Weymouth History Workbook - 3
TRANSPORTATION – PART TWO
Vocabulary words: commuter trolley cars population
As time went on it became more and more important to get to Boston
through Quincy. In 1812 a bridge was built over the Fore River. But it
lasted less than 100 years. By 1902 there was a shipbuilding industry in the
Fore River. Big ships couldn’t get under the bridge. So it had to be
The man who owned the shipyard was Thomas Watson. If his name rings a
bell it’s probably because he was the same Mr. Watson who helped Alexander
Graham Bell invent the telephone. Watson later built ships on the Fore River
and was about to finish a big one. But it wouldn’t fit under the wooden
bridge. Watson’s Company was hired to build a new bridge. It would be a
bridge that opened like a gate.
When Watson’s workers had the bridge finished they waited for high tide
and floated the new bridge to where the old one had been torn down. Then
they waited for low tide and lowered the bridge onto the stone foundation.
In about 30 years this bridge was outdated, too. The Army built a
drawbridge in 1934 which many people still remember because they only
started to take it down in 2004. Traffic on Route 3A now uses a high
As the trails became roads new centers of town appeared along with new
industries. Weymouth Landing became a village because there was a
shipbuilding and later a lumber industry there. In Colonial times the Landing
was on the stagecoach route between Boston and Plymouth. In fact, it was a
stop. Arnold Tavern was located across from the present Sacred Heart
Church property, and the Wales Hotel stood where the church rectory is
now. That’s where the stagecoach pulled up.
When roads were first built they didn’t have names. In 1837, though, the
town picked a committee to name the streets and tell where they were.
They named the streets by the people who lived there or by landmarks. For
“The street leading from the seashore, near Edward Blanchard's to
North Street near James Thomas', shall be called Sea Street.
“The turnpike leading from Ferry Point bridge to Back River bridge
shall be called Bridge Street. “
After a while, transportation routes had little to do with Indian trails and
more with where people wanted to go and how fast they wanted to get there.
Trains, highways and commuter boats followed new routes.
Railroads came first. Its line was built right through Weymouth Landing,
North Weymouth and East Weymouth – just about where the new train line
will run. Another line ran through South Weymouth.
Fifty years later a new transportation system began – the “street railway.”
It connected Weymouth with Quincy and Boston. The vehicles were trolley
cars. They were usually painted orange so you could see them coming. They
were powered first by horses and then by electric lines that ran overhead.
The tracks were in the middle of major streets, and the trolleys stopped at
certain spots to let get on or off. They also had a clanging bell instead of a
The main route ran down Broad St. from Weymouth Landing to Jackson
Square, but they were all over town. For a nickel you could ride anywhere in
Weymouth, and some lines connected to neighboring towns.
The streetcars are gone now and so are the tracks – usually paved over
rather than pulled up – and buses have taken their places. These start and
end at Red Line T stations, so passengers can connect to Boston and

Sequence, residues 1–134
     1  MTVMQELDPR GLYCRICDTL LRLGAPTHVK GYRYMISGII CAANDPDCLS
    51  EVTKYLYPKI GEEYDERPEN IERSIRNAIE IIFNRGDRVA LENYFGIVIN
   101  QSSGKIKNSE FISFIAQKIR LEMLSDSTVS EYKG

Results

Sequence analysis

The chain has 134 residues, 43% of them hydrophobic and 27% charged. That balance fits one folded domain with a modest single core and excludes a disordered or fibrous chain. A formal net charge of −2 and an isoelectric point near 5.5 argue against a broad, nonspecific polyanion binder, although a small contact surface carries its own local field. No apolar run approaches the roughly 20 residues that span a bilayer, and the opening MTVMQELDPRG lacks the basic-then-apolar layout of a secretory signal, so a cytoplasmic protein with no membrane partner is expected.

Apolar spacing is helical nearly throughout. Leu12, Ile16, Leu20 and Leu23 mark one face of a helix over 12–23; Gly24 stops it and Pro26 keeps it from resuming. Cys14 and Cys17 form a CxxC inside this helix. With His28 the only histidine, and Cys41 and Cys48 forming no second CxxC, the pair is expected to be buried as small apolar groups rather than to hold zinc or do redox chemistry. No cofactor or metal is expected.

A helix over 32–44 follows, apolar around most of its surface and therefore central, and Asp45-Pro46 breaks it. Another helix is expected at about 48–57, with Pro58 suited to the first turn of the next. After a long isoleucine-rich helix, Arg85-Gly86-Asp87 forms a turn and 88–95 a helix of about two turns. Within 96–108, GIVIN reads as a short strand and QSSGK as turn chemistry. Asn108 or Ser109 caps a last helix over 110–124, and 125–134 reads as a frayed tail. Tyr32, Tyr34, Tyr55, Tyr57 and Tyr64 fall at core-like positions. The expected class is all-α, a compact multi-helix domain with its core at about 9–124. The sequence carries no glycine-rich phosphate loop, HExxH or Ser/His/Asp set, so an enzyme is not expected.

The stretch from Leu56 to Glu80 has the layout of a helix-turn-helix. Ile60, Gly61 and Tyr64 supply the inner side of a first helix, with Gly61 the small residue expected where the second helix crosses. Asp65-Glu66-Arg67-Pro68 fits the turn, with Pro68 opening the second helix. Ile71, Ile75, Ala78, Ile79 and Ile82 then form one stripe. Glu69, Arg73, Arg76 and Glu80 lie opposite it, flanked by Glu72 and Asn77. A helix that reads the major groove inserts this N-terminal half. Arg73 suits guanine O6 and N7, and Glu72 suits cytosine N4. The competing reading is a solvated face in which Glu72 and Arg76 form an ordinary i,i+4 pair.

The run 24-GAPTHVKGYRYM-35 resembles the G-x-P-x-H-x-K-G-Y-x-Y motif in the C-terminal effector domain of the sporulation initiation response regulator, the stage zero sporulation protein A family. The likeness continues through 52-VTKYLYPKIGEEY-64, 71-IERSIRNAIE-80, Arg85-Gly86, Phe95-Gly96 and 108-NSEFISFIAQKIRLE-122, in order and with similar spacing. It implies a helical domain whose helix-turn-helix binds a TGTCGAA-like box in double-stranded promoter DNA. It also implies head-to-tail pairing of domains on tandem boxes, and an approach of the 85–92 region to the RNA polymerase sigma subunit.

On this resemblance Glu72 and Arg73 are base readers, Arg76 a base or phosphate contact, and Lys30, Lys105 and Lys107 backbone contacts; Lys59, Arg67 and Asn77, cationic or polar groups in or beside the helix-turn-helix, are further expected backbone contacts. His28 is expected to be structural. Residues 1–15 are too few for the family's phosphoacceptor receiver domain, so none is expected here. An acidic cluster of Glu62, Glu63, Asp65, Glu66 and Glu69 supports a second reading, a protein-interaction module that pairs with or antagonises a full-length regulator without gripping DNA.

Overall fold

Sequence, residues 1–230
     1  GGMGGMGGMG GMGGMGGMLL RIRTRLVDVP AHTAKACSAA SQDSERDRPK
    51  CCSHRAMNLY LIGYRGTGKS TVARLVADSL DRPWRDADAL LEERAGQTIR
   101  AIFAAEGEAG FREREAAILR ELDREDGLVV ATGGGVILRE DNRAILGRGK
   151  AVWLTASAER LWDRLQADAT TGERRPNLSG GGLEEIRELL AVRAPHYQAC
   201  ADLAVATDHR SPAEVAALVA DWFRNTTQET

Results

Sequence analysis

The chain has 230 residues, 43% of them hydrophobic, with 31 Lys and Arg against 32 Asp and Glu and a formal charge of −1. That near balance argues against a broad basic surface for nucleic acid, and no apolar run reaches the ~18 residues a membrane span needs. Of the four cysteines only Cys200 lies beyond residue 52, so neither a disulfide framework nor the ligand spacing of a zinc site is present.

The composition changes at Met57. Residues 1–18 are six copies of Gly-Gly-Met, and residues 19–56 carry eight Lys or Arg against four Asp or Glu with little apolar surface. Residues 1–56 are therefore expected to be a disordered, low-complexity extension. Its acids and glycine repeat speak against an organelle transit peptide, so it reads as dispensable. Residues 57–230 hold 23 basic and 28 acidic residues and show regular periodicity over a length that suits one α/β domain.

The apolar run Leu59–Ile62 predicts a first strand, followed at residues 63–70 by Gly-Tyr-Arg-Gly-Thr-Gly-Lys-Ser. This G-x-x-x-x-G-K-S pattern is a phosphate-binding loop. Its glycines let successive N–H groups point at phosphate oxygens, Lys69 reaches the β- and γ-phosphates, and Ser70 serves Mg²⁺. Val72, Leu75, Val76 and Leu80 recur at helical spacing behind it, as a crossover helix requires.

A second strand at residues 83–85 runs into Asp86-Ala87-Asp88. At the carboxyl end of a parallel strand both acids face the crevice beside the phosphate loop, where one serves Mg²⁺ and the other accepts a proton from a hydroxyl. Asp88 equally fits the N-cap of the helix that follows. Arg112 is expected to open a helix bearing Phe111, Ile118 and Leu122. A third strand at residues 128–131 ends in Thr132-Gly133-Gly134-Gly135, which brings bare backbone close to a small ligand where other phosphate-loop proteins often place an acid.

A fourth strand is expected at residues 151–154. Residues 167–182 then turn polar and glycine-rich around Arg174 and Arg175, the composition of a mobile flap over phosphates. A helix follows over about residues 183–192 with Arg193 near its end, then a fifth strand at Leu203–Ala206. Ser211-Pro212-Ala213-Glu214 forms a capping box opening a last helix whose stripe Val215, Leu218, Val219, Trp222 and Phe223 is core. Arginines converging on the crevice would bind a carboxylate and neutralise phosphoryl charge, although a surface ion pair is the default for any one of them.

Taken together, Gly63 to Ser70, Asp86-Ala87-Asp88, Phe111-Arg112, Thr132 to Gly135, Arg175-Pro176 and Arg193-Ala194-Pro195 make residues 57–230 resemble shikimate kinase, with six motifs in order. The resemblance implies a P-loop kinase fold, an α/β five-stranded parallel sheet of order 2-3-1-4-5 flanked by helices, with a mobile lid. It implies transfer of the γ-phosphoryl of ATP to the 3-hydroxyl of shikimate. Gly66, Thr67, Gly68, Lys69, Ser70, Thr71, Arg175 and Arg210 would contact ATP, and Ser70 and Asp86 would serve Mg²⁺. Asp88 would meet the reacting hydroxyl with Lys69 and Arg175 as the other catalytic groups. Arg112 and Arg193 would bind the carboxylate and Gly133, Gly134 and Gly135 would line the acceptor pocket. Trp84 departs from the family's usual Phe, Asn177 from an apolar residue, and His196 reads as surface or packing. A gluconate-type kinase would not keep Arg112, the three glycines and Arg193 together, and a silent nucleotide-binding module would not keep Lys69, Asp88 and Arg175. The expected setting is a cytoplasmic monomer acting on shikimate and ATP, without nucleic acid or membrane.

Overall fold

The biggest changes came, though, when cars became popular in the 1920s
and 30s. Not everyone could afford one, and in the early days it was mostly
men who were the drivers. But they allowed you to cover a lot of ground
quickly and go almost anywhere you wanted. You didn’t have to depend on
tracks or overhead wires or bus stops or even schedules.
It’s hard for us to imagine what life was like without them, they’re so much a
part of our lives now, but in the middle of the last century cars brought lots
of people to Weymouth and more houses, too. After the Second World War,
in the late 1940s there was a big jump in the population and the number of
people living in Weymouth reached almost the number it is today.
In the 1960s Route 3 was built to connect Cape Cod and the South Shore
with Boston. As we know, it runs right through the south part of town
dividing South Weymouth from the other sections. It’s a way to get in and
out of Weymouth just as the commuter boats are at Quincy and Hingham.
High-speed boats from Quincy or Hingham can take passengers to the
airport or to downtown Boston in a half hour or less.
The next kind of transportation ws the Old Colony Railroad which began
again in 2007. The new track ran just about where the old one did, and the
trains stop at new stations where the old stations used to be. (The only
thing left from the old railroad stations is the one on Pond Street in South
Weymouth which is now a general store.
So Indian trails became roads. Settlement and then industry followed the
roads. We had transportation built around the horse, then the trolleys and
buses and then cars. We once had a boat to Boston. We now have boats to
Boston. We once had the railroad; soon we’ll have the railroad again.
Transportation has let Weymouth people get around town, get to work, leave
town and come back again. At one time three out of four workers worked in
a single industry – shoemaking. Now we have thousands of people who
commute to a job – many of them in other towns and cities. We don’t know
what’s ahead – probably more changes. But to figure out where we’re going
it helps to know where we’ve been.
1., Tell what the vocabulary words mean.
2. Draw a picture of your favorite kind of transportation – old or new.
3. Why was the bridge over Fore River replaced?
4. How were early streets named?
5. Why did trolley cars need overhead wires?
6. How did Route 3 change Weymouth?
7. How will the new railroad line be like the old one?